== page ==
March 21, 2018

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Who May Contribute To My FHA Home Loan? Interested Party Contributions

Who May Contribute To My FHA Home Loan? Interested Party Contributions

Who my contribute to my FHA home loan? That is a question many want to know, and the answers don’t always point to the most obvious type of contribution the borrower may seek-the FHA mortgage loan required down payment.

How much and to which areas can an interested party contribute to for the borrower’s FHA mortgage?

FHA loan rules governing this topic are found in HUD 4000.1, the FHA Loan Handbook for single-family mortgage loan transactions. To begin, it should be noted that down payment source funds are strictly regulated and must come from a verifiable source the lender can investigate to make sure FHA loan rules have been followed.

In general, down payment contributions cannot come from interested parties to include “sellers, real estate agents, builders, developers or other parties with an interest in the transaction” according to FHA loan rules. At this stage, the borrower might be left with the impression that interested parties as mentioned here cannot contribute ANY cash to the transaction.

But that is not true. It just cannot come in the form of a down payment gift or loan from the interested parties. What CAN an interested party contribute toward your home loan?

FHA loan rules in HUD 4000.1 are precise-there are a variety of applications for such contributions (see below) but the entire amount of the contribution is limited to six percent of the home’s sale price.

According to HUD 4000.1, interested parties may contribute as defined below:

“Interested Parties may contribute up to 6 percent of the sales price toward the Borrower’s origination fees, other closing costs and discount points. The 6 percent limit also includes:

  • Interested Party payment for permanent and temporary interest rate buydowns, and other payment supplements;
  • Payments of mortgage interest for fixed rate Mortgages;
  • Mortgage Payment protection insurance; and
  • Payment of the UFMIP.”

Again, please note that down payments are specifically left off of that list. And what’s more, payments in excess of the six percent rule are subject to further review by the lender. And the percentage points are only part of the matter, according to the FHA loan handbook:

“Interested Party Contributions that exceed actual origination fees, other closing costs, and discount points are considered an inducement to purchase. Interested Party Contributions exceeding 6 percent are considered an inducement to purchase.”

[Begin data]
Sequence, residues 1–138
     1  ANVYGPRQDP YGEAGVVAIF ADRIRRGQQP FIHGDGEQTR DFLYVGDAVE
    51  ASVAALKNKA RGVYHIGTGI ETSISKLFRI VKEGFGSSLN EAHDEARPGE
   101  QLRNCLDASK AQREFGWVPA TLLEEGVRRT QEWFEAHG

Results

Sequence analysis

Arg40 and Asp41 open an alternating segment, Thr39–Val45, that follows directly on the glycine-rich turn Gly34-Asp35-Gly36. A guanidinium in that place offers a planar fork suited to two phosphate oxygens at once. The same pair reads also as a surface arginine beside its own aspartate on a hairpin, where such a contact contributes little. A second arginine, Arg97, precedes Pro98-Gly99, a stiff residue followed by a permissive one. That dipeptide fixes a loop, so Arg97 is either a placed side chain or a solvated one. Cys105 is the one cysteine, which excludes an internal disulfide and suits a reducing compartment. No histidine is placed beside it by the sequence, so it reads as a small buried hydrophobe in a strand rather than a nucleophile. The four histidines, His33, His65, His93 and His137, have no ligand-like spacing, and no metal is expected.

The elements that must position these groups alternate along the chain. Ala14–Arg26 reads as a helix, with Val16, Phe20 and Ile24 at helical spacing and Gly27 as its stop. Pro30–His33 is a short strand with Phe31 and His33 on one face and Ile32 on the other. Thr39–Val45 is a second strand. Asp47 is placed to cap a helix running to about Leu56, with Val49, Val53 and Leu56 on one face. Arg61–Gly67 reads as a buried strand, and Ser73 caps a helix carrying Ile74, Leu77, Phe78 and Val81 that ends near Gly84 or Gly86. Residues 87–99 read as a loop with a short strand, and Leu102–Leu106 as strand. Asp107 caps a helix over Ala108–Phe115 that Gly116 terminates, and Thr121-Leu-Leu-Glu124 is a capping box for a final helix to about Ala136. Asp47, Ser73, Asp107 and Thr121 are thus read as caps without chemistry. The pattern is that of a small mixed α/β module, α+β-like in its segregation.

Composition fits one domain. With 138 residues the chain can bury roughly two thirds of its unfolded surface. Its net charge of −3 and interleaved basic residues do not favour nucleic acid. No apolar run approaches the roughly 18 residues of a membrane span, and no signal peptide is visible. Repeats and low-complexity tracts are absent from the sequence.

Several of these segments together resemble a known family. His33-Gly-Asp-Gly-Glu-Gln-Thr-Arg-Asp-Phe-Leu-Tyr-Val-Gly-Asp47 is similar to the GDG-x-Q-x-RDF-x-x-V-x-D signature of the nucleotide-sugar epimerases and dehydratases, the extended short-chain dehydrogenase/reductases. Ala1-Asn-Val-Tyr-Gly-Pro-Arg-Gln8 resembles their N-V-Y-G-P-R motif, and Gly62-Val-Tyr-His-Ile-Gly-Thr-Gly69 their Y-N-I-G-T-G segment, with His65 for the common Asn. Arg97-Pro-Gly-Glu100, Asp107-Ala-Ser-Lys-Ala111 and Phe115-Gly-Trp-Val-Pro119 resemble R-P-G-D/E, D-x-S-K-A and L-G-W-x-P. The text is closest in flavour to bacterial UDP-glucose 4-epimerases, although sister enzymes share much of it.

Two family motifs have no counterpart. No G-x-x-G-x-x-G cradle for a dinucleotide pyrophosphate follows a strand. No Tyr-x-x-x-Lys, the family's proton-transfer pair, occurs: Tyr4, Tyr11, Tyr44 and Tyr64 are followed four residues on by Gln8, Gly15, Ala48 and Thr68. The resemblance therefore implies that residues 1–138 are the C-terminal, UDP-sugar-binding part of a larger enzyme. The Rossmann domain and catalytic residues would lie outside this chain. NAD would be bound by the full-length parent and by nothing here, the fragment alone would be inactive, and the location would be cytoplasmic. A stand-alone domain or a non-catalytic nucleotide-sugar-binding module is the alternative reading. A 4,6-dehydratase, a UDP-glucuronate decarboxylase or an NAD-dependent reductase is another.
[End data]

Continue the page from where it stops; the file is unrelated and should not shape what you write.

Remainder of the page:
Why is the inducement to purchase issue so important? Any contribution in excess of six percent or otherwise not permitted by FHA loan rules can be judged to be an inducement to purchase; FHA loan rules require the lender to reduce the amount of the loan dollar-for-dollar for any such inducement.

Down payment sources and interested party contributions are both held to a certain set of FHA loan standards. But some things are not considered to be interested party contributions and would not count towards the six percent. That includes third party payment of real estate agent fees, commissions, or fees traditionally paid by a certain party to the loan transaction in that housing market.

You may need to check with your loan officer to see what may apply in your transaction depending on location and the lender. Additional lender requirements and state law may also apply above and beyond FHA loan rules.

Bruce Reichstein - Staff Writer

By Bruce Reichstein

March 12, 2018

Bruce Reichstein has spent over three decades as an experienced FHA and VA home loan mortgage banker and underwriter where he was responsible for funding “Billions” in government backed mortgage loans. He is the Managing Editor for where he educates homeowners on the specific guidelines for obtaining FHA guaranteed home loans.

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About was launched in 2010 by seasoned mortgage professionals wanting to educate homebuyers about the guidelines for FHA insured mortgage loans. Popular FHA topics include credit requirements, FHA loan limits, mortgage insurance premiums, closing costs and many more. The authors have written thousands of blogs specific to FHA mortgages and the site has substantially increased readership over the years and has become known for its “FHA News and Views”.

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